accessibility across mediums

Guest post by Steve Grobschmidt of

I’ve gotten a lot of mileage telling this accessibility-related story from a past job: I was in a meeting about incorporating CAPTCHA (those ridiculous riddles you’re forced to solve when filling out a web form so that the system knows you’re a real person) into all the web sites the company developed.

I was fresh into my accessibility days back then, but knew enough to caution that whatever flavor of CAPTCHA we used, it should have accessibility considerations like audio equivalents to the garbled codes.

One of the lead technical people scoffed and said, “Yeah, because blind people use the Web.” Yes, he was dead serious. To make things worse, a project manager in the room started pantomiming a blind person, giggling at himself in the process. Yes, he was an idiot.

Fast-forward a few years to when I started researching video game accessibility. I was reading an article about how many of the color palettes in the game Bioshock 2 posed significant problems for color blind gamers.

In one comment, someone bemoaned disabled people thinking “the rest of the world should cater to them.” Another gamer pointed out that there’s just some things that people with disabilities should accept they can’t do.

What’s lost in those narrow-minded rants is that people with disabilities don’t limit themselves to just “the things that only disabled people do.” Think about the hobbies you are passionate about. If you were suddenly to lose your sight, or hearing, or motor skills, you wouldn’t immediately lose your love for those activities.

Of course a person who can’t use their arms isn’t going to experience a video game the exact same way someone with full motor skills will. Listening to a movie isn’t the exact same experience as watching and listening to it.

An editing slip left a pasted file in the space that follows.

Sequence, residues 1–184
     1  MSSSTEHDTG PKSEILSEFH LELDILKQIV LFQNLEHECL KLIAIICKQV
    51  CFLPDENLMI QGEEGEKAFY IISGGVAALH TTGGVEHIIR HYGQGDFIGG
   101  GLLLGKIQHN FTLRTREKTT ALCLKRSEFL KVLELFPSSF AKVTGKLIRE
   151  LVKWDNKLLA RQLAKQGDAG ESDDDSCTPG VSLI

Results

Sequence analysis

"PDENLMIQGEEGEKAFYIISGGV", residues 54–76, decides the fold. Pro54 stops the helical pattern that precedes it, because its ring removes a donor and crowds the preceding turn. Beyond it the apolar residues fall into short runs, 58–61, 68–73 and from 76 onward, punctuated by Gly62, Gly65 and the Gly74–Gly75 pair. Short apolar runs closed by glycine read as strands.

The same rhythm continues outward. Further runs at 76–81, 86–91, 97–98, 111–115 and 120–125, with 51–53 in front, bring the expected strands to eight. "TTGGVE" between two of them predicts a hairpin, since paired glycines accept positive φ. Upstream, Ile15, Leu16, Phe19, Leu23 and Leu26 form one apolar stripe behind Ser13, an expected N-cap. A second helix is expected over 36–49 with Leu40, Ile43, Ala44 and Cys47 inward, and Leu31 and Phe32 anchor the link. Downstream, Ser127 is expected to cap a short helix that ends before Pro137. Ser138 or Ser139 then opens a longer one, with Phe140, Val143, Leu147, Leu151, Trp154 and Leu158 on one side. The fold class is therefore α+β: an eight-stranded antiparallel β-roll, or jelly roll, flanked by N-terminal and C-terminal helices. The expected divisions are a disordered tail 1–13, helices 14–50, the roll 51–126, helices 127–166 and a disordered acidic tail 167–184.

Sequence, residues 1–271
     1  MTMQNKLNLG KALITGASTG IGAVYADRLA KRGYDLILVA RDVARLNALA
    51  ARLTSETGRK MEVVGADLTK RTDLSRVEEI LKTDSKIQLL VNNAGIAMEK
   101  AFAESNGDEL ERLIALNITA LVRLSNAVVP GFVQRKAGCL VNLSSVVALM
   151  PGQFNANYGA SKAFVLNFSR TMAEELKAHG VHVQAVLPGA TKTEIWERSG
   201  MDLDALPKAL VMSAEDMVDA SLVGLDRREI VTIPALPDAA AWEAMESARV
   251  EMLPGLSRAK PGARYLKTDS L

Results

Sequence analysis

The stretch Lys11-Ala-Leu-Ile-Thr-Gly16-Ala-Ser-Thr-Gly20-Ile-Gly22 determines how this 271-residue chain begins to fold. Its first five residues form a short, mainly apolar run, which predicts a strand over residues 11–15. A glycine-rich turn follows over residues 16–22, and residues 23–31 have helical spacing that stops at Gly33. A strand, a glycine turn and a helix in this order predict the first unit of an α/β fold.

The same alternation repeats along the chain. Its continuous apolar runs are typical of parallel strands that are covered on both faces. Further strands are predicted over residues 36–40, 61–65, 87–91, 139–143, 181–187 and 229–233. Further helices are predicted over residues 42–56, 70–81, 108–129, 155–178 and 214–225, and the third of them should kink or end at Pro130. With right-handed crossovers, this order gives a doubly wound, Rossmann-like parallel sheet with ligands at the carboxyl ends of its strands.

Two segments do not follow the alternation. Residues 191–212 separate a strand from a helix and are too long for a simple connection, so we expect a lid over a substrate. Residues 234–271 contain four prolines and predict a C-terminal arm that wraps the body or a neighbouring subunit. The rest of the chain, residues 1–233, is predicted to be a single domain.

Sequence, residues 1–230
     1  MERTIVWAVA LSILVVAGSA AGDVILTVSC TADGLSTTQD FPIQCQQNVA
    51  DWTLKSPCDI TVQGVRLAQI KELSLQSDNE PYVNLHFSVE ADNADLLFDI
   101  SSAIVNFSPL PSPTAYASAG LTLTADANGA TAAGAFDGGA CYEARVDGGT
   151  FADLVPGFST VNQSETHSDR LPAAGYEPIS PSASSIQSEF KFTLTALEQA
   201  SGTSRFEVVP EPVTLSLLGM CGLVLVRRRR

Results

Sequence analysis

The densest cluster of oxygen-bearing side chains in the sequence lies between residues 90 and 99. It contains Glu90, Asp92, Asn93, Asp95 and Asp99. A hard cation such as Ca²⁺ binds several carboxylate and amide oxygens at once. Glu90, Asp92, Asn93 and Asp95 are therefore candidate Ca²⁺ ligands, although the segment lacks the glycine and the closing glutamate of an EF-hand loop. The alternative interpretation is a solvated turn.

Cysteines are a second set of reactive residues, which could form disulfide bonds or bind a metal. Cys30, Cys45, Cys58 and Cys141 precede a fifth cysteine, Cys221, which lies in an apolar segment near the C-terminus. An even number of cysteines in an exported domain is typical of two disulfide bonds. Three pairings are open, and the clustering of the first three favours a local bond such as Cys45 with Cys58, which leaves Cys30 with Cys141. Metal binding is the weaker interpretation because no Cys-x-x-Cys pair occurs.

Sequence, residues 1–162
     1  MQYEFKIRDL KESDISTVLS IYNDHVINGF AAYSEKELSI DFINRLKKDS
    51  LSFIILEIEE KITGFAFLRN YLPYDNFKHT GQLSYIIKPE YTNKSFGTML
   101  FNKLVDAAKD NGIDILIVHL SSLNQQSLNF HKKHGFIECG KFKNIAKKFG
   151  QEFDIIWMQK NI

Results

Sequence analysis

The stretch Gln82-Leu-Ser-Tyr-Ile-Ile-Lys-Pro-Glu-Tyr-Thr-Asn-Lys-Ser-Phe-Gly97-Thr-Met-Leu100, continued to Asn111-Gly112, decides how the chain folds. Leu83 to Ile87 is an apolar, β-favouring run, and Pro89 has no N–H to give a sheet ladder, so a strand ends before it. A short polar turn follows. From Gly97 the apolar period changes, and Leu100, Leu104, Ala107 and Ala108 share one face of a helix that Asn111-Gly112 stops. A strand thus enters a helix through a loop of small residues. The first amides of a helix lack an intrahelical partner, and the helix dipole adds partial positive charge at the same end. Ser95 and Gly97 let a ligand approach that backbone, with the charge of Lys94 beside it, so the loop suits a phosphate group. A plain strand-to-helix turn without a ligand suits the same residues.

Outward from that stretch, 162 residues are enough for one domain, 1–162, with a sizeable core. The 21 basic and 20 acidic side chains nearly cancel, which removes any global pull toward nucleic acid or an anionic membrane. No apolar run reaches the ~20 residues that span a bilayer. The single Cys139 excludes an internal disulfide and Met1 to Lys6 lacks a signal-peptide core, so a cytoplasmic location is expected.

But time and time again, creators of great user experiences find ways to open doors for the widest spectrum of people possible.

Web sites that are coded cleanly and organized, use color responsibly, have consistent navigation and concise, clear content can be fully enjoyable and useful to those with or without disabilities. The clean code and nav help screen reading devices correctly parlay the pages to blind users. The attention to color reduces obstacles for the color blind. People with cognitive disabilities have a much better shot understanding content that isn’t a convoluted mess.

Similarly, video games that have things like sub-titles, support for assistive controllers and devices, settings to brighten/darken the visuals, and mindful color contrasts at least open up avenues for disabled gamers to play, all without “watering down” the experience for everyone else. Don’t believe me? Check out this guy:

Apple and Microsoft consistently bolster the accessibility capabilities of their operating systems with each release. Amazon just announced enhancements to its Kindle iPhone app (and eventually for Kindles themselves) to make it easier for blind readers to enjoy their favorite literature through that medium.

The bottom line is that it’s much easier to make sweeping statements like, “Disabled people don’t use my product” than to take the extra time to figure out ways to enable them to get a rich user experience visiting your web site, using your application, or playing your game.

23. May 2013 by Michael Seidel
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